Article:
Recommendations for the quality of colonoscopy services are summarized in Table . The following describes the basis for these recommendations.
Elements of Quality of Colonoscopy Services with Operational Definitions
1. Elements of the Colonoscopy Report
We listed six basic descriptors of what was done and what was found during the colonoscopy based on earlier work by Task Group8
. Each of these descriptors is necessary to interpret the clinical significance of findings and plans for follow-up.
- Depth of insertion is related to the proportion of the colon examined and thus the percent of adenomas and cancers that could have been found. Confidence in a report that the cecum was reached should be supported by a clear description of anatomic landmarks (appendiceal orifice and ileocecal valve) and photo documentation if it is available.
- Quality of bowel preparation. Poor bowel preparation results in missed lesions and follow-up examinations scheduled sooner than the usually recommended interval. The quality of bowel cleansing is a subjective measure, but efforts are under way to increase reproducibility and validity by establishing a common measure across endoscopists8 and to anchor judgments in an objective phenomenon such as “adequate to detect polyps >5 mm”8.
- Patient tolerance of the procedure is important information for the clinician who coordinates the patient’s care over time. For example, syncope during the bowel preparation or procedure may signal cardiovascular risk and require evaluation; bleeding from the procedure may cause anemia, which should be diagnosed and treated.
- Description of polyps. The number, size, location, morphology (pedunculated, sessile, or flat) and histology of adenomas has been related to recurrence rate and this, plus completeness of polyp removal and biopsy results are the basis for planning surveillance intervals10.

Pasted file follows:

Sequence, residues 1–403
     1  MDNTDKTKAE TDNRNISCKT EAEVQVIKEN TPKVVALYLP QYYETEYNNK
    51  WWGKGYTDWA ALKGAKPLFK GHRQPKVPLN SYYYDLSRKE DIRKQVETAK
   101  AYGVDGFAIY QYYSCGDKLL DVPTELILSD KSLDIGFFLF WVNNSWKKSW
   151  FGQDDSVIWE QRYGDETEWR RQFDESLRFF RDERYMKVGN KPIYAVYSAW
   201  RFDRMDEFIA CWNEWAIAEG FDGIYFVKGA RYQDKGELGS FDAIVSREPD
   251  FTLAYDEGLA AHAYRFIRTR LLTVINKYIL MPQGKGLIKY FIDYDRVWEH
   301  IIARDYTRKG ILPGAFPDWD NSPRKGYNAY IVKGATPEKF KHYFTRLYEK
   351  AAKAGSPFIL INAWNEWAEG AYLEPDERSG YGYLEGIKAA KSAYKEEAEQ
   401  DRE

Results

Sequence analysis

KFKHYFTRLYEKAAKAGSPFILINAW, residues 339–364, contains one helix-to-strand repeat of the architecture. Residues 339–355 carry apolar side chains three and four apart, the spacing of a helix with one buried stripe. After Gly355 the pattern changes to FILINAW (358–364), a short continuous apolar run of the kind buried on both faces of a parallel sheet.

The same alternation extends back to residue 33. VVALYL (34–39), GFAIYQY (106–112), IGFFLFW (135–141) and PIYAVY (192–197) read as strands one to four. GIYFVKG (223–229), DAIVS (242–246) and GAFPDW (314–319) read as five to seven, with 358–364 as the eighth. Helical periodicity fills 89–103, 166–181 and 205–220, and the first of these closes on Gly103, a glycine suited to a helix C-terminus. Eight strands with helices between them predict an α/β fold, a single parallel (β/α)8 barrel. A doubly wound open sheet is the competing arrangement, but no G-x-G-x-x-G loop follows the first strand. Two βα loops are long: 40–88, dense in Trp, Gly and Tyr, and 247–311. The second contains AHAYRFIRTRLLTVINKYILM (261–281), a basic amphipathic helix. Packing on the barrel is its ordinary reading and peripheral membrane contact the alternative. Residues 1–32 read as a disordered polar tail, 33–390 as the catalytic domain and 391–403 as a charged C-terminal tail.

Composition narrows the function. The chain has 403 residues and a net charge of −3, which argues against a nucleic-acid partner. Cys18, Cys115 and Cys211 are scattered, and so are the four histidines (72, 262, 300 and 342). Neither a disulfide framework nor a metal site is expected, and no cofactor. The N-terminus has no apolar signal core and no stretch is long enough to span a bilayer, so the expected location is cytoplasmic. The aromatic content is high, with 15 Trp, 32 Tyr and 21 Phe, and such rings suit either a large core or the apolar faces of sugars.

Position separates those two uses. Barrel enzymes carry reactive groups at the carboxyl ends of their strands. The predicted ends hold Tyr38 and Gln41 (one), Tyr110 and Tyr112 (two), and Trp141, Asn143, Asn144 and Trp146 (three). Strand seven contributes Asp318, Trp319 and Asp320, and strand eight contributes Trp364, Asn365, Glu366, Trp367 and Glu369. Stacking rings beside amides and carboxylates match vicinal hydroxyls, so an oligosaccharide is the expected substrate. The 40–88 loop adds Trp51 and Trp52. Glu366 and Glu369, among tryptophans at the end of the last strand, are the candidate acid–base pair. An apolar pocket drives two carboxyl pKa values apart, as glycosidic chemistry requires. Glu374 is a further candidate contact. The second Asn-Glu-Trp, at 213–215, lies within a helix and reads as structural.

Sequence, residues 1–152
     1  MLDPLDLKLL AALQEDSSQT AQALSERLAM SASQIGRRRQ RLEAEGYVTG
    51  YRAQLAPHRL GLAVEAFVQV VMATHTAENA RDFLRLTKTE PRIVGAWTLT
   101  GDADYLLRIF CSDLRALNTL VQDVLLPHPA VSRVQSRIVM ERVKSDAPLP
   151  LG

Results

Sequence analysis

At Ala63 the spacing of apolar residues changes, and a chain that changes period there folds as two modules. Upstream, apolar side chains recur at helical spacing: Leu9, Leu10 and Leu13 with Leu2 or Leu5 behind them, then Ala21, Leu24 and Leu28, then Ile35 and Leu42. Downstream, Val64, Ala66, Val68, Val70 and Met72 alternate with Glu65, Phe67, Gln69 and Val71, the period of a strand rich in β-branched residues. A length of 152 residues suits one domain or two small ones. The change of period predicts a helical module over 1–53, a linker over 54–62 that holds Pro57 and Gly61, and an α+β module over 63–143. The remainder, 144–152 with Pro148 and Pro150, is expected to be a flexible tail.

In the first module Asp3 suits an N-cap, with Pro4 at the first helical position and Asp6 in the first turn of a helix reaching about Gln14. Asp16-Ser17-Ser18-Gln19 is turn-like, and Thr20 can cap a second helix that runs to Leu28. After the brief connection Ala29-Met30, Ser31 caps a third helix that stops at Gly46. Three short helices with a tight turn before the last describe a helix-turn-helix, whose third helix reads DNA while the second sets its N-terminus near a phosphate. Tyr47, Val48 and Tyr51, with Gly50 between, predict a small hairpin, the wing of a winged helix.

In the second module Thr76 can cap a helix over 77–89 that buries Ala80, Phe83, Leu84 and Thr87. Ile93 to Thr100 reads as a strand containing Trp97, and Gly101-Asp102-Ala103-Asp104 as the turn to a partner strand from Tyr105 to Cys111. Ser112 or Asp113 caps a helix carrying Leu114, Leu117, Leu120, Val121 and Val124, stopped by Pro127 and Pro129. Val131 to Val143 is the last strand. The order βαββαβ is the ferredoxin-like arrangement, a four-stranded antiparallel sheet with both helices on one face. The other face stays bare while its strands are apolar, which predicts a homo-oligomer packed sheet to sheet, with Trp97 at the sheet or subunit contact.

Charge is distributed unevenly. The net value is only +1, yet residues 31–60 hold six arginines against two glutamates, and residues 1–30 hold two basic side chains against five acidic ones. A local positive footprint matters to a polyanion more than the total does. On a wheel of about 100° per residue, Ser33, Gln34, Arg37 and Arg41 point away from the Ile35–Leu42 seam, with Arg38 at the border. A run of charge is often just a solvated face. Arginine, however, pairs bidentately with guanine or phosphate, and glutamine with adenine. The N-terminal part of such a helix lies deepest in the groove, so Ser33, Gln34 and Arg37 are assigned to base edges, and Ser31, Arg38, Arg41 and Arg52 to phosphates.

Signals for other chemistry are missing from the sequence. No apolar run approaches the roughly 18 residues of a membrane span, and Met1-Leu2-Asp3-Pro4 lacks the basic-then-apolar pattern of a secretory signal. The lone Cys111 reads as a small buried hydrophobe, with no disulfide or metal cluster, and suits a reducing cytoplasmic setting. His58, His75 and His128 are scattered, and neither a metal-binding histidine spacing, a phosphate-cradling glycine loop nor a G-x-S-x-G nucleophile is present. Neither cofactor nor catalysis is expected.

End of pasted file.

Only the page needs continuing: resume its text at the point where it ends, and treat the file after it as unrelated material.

- Pathology results for any biopsies. Recommendations for follow-up and surveillance depend on information from both the procedure itself and the pathology report. Despite logistic challenges in obtaining pathology reports promptly, referring clinicians should expect that the colonoscopist will promptly communicate findings from the procedure itself, the pathology, as well as recommendations both to them an directly to the patient.
- Recommendations for follow-up and/or surveillance need to be explicit so that referring clinician, as well as the patient, know what the endoscopist has recommended. Recent, evidence-based guidelines, relating surveillance interval to risk factors for subsequent advanced neoplasia, are summarized in Table 11. If the recommended interval differs from guidelines, the reasons should be made explicit.
Recommended Surveillance Intervals After Polypectomy in Average Risk Patients (From 11)*
Physicians in practice say they often choose shorter surveillance intervals11
than recommended in clinical practice guidelines. Because some risks and substantial costs (measured both in financial and human terms) are at stake, and the clinical benefit of short-interval colonoscopy surveillance after initial polypectomy is low for most patients12
, the surveillance interval is an important decision for everyone involved with the patient’s careFamily history information gathered at the time of screening as well as some colonoscopy findings (such as a malignancy or advanced adenomas at a young age) may suggest that other family members are at increased risk and should have earlier than usual screening with colonoscopy. In the case of Lynch Syndrome, they are at increased risk for other cancers as well. The endoscopy report should include recommendations for colorectal cancer screening in family members when appropriate. The endoscopist and the primary care clinician have a collective responsibility for encouraging patients to notify family members if they are at increased risk, and for recommending that these family members talk with their own primary care clinician about colorectal cancer screening.